What do you feel is the most common misconception in regards to preservatives?

The most common misconception about preservatives is that they are all dangerous! This is not the case. Whilst, as with any chemical, there are risks involved in their use, these risks are extremely low. Preservatives tend to be a special case because they are used to kill (microbial) cells. This mean that they have some potential to damage any living cell. For this reason, preservatives are very tightly regulated in the European Union, and there is a relatively short list of ones that are permitted for use in cosmetics. All these permitted preservatives have been very carefully evaluated for safety by a group of independent experts appointed by the EU Commission. These preservatives are also the ones most frequently used in the USA. Only a very tiny proportion of the population are unfortunate enough to develop any sort of skin reaction to preservatives.

Are parabens re
lated to breast cancer?
There is absolutely no evidence of any connection between parabens and breast cancer. I could give an extremely long and boring explanation in excessive detail as to why this is the case, but it is much easier just to state that none of the leading breast cancer research organizations accept any link - and you can check this out, as they all have statements about parabens on their web sites! And you are unlikely to accuse these organizations of bias!

Are there scientific data/facts to back up parabens are unsafe in cosmetics/personal care products?

As I said in an earlier answer, preservatives are assessed for safety in the EU by a very rigorous process. At the time of writing, these experts are completely convinced that methylparaben and ethylparaben are safe for use in cosmetics. These experts were a little concerned that there was not quite enough data to enable them to give the same unequivocal clean bill of health for propylparaben or butylparaben, and they asked that further work be carried out. This does NOT mean that they consider these two parabens to be unsafe - just that they need a little more information to make sure of this. These studies will soon be complete, and most people within the industry expect them to be judged as safe for continued use in cosmetics.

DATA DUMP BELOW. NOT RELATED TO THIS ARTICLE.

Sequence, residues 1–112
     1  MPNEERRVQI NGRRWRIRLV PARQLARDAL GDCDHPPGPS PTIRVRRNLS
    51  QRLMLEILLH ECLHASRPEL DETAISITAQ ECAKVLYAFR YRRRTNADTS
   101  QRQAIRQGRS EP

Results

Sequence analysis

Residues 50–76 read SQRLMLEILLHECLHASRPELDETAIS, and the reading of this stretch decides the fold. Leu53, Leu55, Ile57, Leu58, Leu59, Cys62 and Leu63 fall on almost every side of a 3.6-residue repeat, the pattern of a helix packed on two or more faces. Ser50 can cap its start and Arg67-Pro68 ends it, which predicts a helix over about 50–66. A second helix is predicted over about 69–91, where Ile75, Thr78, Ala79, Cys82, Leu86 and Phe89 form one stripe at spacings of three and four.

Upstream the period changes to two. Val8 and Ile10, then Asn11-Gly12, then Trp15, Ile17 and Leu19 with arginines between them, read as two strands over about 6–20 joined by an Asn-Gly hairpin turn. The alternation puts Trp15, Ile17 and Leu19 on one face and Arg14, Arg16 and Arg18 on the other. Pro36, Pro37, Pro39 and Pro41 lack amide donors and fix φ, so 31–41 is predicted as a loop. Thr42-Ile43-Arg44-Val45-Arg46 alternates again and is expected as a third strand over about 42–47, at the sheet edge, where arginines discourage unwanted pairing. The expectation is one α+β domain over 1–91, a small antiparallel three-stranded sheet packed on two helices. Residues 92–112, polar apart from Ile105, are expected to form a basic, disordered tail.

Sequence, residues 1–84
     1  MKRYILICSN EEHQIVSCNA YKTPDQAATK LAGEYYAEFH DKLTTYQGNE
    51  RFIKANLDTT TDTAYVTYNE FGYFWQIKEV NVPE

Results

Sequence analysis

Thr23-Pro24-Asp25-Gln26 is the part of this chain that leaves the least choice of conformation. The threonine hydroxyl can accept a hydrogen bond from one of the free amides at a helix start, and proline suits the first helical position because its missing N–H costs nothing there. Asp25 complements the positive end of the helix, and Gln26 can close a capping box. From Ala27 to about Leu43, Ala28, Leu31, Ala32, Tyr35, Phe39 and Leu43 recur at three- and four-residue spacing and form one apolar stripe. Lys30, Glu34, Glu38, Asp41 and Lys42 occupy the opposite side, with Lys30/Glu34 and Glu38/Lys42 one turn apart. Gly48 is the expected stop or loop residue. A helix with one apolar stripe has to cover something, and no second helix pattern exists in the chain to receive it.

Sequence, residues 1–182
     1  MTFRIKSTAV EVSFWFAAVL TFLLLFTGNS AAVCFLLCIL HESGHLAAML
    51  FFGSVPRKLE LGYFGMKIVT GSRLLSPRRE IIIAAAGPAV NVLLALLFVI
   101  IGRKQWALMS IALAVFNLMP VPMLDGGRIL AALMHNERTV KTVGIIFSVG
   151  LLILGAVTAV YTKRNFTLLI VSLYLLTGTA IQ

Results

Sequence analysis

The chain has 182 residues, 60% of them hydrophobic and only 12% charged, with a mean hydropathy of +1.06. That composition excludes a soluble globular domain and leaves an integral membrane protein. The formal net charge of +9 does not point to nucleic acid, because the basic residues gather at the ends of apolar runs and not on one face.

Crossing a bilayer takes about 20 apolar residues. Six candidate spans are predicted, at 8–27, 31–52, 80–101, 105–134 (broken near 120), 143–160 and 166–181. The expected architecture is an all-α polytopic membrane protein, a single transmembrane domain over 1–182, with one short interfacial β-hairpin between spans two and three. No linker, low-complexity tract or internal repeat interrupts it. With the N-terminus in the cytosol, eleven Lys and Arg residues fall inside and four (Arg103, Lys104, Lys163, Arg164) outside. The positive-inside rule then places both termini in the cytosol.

Absorption rates of cosmetics/personal care products vary based on a variety of factors. Are there studies that prove parabens are absorbed by the epidermis, dermis and hypodermis and then into the bloodstream?

There is no doubt that parabens can be absorbed through the skin, The main area of disagreement is about the quantity. The most recent study on butylparaben showed that only very small amounts actually were absorbed. You must bear`in mind that absorption through skin is not necessarily a bad thing - it all depends on what the chemical gets up to whilst it is inside the body! There are many studies that show parabens to be excreted in urine, which reduces the likelihood of them ending up hanging around in our tissues and being able to cause any ill effects.

A common statement found on the internet, "Parabens are oestrogenic" - What does this mean?

When something is described as being "oestrogenic", it means that it can bind to oestrogen receptors in the body in a similar manner to that of natural oestrogen. However, it is very important to understand that this ability to bind to these receptors does not mean that the chemical behaves in exactly the same way as natural oestrogens, ie it is not necessarily an oestrogen mimic. It is misleading to state that parabens are oestrogenic, because most studies (all bar one, as far I know) have failed to find any measurable oestrogenic activity for either methylparaben or ethylparaben, and the oestrogenic activity detected for butylparaben was actually 100,000 times weaker than the natural oestrogen used for comparison. It may also help to put this in context when you find out that this extremely weak effect was obtained by using a dose of butylparaben around 20,000 times higher than anyone could come into contact with by using cosmetics! When I say "weak", I mean "WEAK"!

What would you like to see happen to educate the consumer in regards to preservatives?

I don't have any desire specifically related to preservatives, because there are so many common statements and internet myths about many cosmetic ingredients in general that are anything between misleading and downright lies that I would like to see consumer being made aware of.

The major ones are:

"natural is safe" - this is not always true - snake venom, digitalis (foxglove), many species of mushrooms are just a few examples and natural is not automatically better than synthetic in any general sense.